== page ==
About this time last year, I had made up my mind, with the help of Ken Burns, to visit the National Parks. After a lifetime spent indoors with my books and my poetry to protect me, I bought a car and headed into the wild. At first the wild was a cheap hotel room outside of Joshua Tree.
I had in my mind that I loved to travel alone, but on that first night, I realized I’d only traveled alone once and I was scared. I also had no idea what I wanted to do in the National Parks. I hadn’t figured anything out beyond be there, but I trusted that I would figure it out.
After Joshua Tree, I purchased some hiking boots and went to Death Valley. Then Sequoia, Grand Canyon, Pinnacles, Channel Islands, Bryce Canyon, Zion, Saguaro, Yosemite, Capitol Reef, Arches, Canyonlands, Redwood, Crater Lake, and Kings Canyon. I returned to several parks throughout the year to see them again.
Hiking is the primary activity in most of the parks and I quickly discovered that I loved it. By the time I made it to Utah in April to see Bryce Canyon and Zion, hiking was all that I wanted to do. When I couldn’t travel, I hiked the trail near home as often as possible, keeping my pale skin tan and my calf muscles in knots.
In March, I saw my first bear. I don’t believe in signs, but if I did, that sign would be a bear. I turned around and walked back the way I came, looking over my shoulder often enough to make sure I wasn’t being followed. Seven months later, when faced with another bear, this time, I hid.
I purchased a tent in May, but didn’t have the guts to use it until July. Under the stars at Crater Lake, I read by head lamp.
Separate to all of this, I became happier than ever. The only major thing that changed in my life was that I started going outside and walking up mountains, but I didn’t make the connection, and even though it might make for a good story, I can’t make it now either.
If nature has influenced my baseline feelings, then it has done so in mysterious ways. I didn’t let go of anything in nature and I didn’t find myself there. I experienced zero epiphanies, no breakdowns, and never felt compelled to shout into the void. I do not have enough evidence to attribute this clarity of mind or happiness to the National Parks, but neither do I have enough to rule it out.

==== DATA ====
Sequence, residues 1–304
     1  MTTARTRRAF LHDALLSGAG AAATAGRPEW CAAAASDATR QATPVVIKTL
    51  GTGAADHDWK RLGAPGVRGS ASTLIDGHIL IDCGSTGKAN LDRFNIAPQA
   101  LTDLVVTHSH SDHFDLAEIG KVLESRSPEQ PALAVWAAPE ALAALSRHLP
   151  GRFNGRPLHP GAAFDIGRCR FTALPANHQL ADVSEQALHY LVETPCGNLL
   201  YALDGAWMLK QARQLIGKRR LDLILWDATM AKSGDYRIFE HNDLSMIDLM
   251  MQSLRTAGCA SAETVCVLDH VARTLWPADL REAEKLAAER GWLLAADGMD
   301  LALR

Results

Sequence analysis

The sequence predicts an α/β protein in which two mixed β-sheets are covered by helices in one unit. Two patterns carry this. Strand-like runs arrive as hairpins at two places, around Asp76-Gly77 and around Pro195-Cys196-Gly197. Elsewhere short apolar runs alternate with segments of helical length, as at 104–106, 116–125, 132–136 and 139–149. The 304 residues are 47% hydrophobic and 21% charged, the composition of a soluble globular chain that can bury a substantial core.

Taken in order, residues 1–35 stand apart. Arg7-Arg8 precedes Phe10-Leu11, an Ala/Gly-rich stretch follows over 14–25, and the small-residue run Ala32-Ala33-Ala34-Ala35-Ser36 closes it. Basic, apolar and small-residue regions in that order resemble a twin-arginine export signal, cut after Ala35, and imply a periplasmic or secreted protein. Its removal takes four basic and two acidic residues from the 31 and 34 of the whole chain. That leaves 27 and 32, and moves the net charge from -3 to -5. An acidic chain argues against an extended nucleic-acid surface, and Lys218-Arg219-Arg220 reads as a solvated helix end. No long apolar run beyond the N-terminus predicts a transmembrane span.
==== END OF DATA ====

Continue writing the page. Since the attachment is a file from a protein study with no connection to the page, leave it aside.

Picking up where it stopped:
The only guidebook I ever needed was Your Guide To The National Parks. It is missing Pinnacles, since it was published before Pinnacles was promoted from a National Monument, but is otherwise complete and very helpful.
My favorite park(s), if I can cheat: Sequoia and Kings Canyon. They are right next to each other, and despite being as beautiful as Yosemite, they are not nearly as crowded. You can find my heart somewhere in the Sierra Nevada.
The most surprising thing was Utah. I have never been anywhere so beautiful. I visited all five National Parks there, and they were all stunning. I can’t wait to go back.
My lowest moment was trying not to throw up off the side of a boat full of teenagers while being swarmed by flies at Channel Islands. My highest moment was hiking to Angels Landing in Zion.
The most underrated park I visited was Capitol Reef. I nearly had the place to myself and it was beautiful.
I never expected to love Death Valley, but I love Death Valley.
There are certainly parks more interesting and beautiful than Grand Canyon, but you have to see Grand Canyon.
The most unbelievable park is Zion. Depending on the day you ask, I might say this is my favorite National Park. It is otherworldly. It is also the park I’d recommend if you’re looking for a good place to go with family or friends, because there’s a cute town right outside the gates, shuttles to take you everywhere, adventurous hikes, and the beauty extends outside the borders, so even when you’re outside the park, you still feel like you’re in it.
If you visit more than a few parks in a year, the $80 Interagency Annual Pass pays for itself very quickly. It gets you (and everyone in your car) into every National Park and many other cool places. Plus, it gets you discounts on camp reservations at many locations.
The phrase I used too often was, “middle of nowhere.” When you’re outside the range of cell coverage and can’t believe you’re going the right direction, drive another 50 miles down that strange road and you’ll find your National Park.
I will continue to visit National Parks in 2015, mostly returning to those I have already visited. I am not in a hurry to see them all, especially since Alaska makes that such a challenge, but that is my long-term goal.